In a Schenectady County courtroom Monday, Vanessa Washington held a photo of her sister, Valerie.
Valerie, she said, showed no fear. She showed strength, generosity and a tremendous faith in God.
“The murder of my sister,” Vanessa Washington told the court, “has left a deep hole in our souls, especially my mother, who is now confined to a wheelchair in a nursing home.”
Washington’s comments came at Monday’s sentencing of 44-year-old Harold Michael Ortiz, who admitted killing Valerie.
Ortiz, most recently of Schenectady, pleaded guilty in June to second-degree murder, first-degree kidnapping and other charges in exchange for a total sentence of 30 years to life in state prison.
Judge Matthew Sypniewski imposed that sentence Monday, calling the life term the only appropriate punishment for Ortiz.
Ortiz has been jailed since Sept. 2, 2015, when he was accused of attacking and killing the 55-year-old woman inside 1330 Union St. He was also accused of attacking and leaving for dead another resident of the building, 65-year-old Ralph Carson.
Authorities found Carson and the body of Washington under piles of debris in the building’s basement.
“I am sorry for my despicable actions,” Ortiz told the court. “At this point, there is nothing I can do or say that would change what has been done. I am sincerely sorry for all that has happened.”
The case gained attention for the cruelty of the acts: Washington was attacked at the apartment house where she lived and was buried in the basement; Carson was attacked at the same apartment house and left to die, only to be saved by a tip from Ortiz’s own brother.
Valerie’s brother Carlos Washington, who traveled to Schenectady from his home in South Carolina, told the court the differences between the two states’ court systems.
South Carolina, he told the court, has the death penalty. Had Ortiz killed Valerie there, he said, “I guarantee you he would have gotten it.”
Carlos Washington also referenced Ortiz’s past. Ortiz served every day of a 17-year sentence for an attempted murder in Brooklyn, only to be released with no supervision as that crime happened just before post-release supervision became mandatory.
Ortiz wasn’t free more than two months before he killed Washington and almost killed Carson.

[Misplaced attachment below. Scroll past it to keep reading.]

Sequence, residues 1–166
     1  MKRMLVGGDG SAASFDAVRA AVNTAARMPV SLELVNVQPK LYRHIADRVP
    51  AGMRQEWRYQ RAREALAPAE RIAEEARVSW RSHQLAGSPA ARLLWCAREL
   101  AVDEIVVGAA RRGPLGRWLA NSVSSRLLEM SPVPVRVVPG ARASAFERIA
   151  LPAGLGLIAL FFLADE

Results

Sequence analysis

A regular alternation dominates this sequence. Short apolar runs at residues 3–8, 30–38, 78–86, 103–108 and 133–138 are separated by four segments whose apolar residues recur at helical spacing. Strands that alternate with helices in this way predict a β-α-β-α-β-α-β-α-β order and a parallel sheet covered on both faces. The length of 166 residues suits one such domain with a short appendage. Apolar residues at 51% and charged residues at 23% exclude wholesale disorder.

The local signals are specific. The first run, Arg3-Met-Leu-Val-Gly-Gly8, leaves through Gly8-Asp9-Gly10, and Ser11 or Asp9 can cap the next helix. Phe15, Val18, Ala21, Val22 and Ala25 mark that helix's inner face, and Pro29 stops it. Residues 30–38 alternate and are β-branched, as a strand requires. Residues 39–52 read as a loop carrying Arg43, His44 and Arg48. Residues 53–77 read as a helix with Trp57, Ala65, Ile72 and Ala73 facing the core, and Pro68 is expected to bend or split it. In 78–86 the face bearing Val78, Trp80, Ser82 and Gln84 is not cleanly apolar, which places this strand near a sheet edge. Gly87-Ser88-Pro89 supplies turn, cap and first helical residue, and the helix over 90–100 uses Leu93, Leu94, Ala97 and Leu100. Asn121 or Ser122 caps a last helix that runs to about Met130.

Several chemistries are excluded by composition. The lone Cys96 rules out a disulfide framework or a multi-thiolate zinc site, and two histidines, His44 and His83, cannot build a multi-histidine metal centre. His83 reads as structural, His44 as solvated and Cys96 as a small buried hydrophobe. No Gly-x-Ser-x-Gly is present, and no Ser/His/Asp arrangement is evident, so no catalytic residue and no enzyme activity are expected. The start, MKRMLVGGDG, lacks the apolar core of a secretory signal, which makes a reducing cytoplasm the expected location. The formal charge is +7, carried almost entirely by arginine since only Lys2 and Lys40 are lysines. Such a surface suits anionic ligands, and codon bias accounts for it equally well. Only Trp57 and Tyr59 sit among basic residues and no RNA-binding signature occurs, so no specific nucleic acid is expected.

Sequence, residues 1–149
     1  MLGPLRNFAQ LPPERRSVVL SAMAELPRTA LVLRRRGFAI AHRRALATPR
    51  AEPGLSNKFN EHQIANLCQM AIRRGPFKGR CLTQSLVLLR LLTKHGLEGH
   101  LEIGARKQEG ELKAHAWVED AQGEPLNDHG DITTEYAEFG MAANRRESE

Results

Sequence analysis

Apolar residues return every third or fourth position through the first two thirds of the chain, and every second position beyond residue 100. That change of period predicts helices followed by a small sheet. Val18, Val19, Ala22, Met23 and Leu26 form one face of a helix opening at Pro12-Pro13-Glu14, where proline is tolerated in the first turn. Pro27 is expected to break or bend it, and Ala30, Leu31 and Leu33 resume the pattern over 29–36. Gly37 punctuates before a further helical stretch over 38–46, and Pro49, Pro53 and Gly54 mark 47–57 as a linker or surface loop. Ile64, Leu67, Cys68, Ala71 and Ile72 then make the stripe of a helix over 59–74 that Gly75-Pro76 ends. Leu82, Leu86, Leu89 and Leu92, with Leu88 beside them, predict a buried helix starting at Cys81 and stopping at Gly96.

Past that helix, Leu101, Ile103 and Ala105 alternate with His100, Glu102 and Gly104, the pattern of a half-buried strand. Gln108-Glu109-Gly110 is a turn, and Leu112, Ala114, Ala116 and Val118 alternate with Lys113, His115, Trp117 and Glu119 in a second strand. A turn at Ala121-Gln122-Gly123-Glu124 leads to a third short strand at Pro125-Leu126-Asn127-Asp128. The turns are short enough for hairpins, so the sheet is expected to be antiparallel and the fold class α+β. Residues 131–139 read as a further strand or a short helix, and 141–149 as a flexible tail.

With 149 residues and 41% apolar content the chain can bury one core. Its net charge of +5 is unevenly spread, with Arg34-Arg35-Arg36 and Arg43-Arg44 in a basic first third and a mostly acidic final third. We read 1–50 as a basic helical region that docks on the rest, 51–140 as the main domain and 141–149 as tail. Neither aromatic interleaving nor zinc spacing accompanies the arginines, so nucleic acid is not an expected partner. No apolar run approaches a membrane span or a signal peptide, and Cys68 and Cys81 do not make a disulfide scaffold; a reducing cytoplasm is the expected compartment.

Carlos Washington questioned the mental health care Ortiz received in prison, the lack of a release plan even to a halfway house and the lack of notification to his new neighbors about his criminal past.
“You don’t let a lion out that you think has been tamed for 17 years and think he’s not going to kill,” Carlos Washington said. “Especially when you walk into a world that’s not ready for him and he’s not ready for the world.”
Ortiz’s attorney Steve Signore said his client is remorseful. Signore also agreed with the Washington family, that “there are some gaps in our criminal justice system, which need to be sewn up.”
Signore specifically cited gaps in addressing individuals with mental health issues who aren’t getting the help they need.
“There are no circumstances the court can possibly see how Mr. Ortiz should or could ever come back into society,” Sypniewski said. “It’s clear from the circumstances of the case that if that were to take place that the likelihood of the defendant reoffending is almost a certainty.”
The judge also urged the future parole board that first considers Ortiz’s release nearly 30 years from now to review all available documents, including the statements from the Washington family, saying he believes the board would come to the same conclusion — that Ortiz can’t be released.
In all the photos of Valerie, Vanessa Washington told the court, she is smiling. “Big smiles, like the sun,” Vanessa said. “She was sunshine and she is dearly missed.”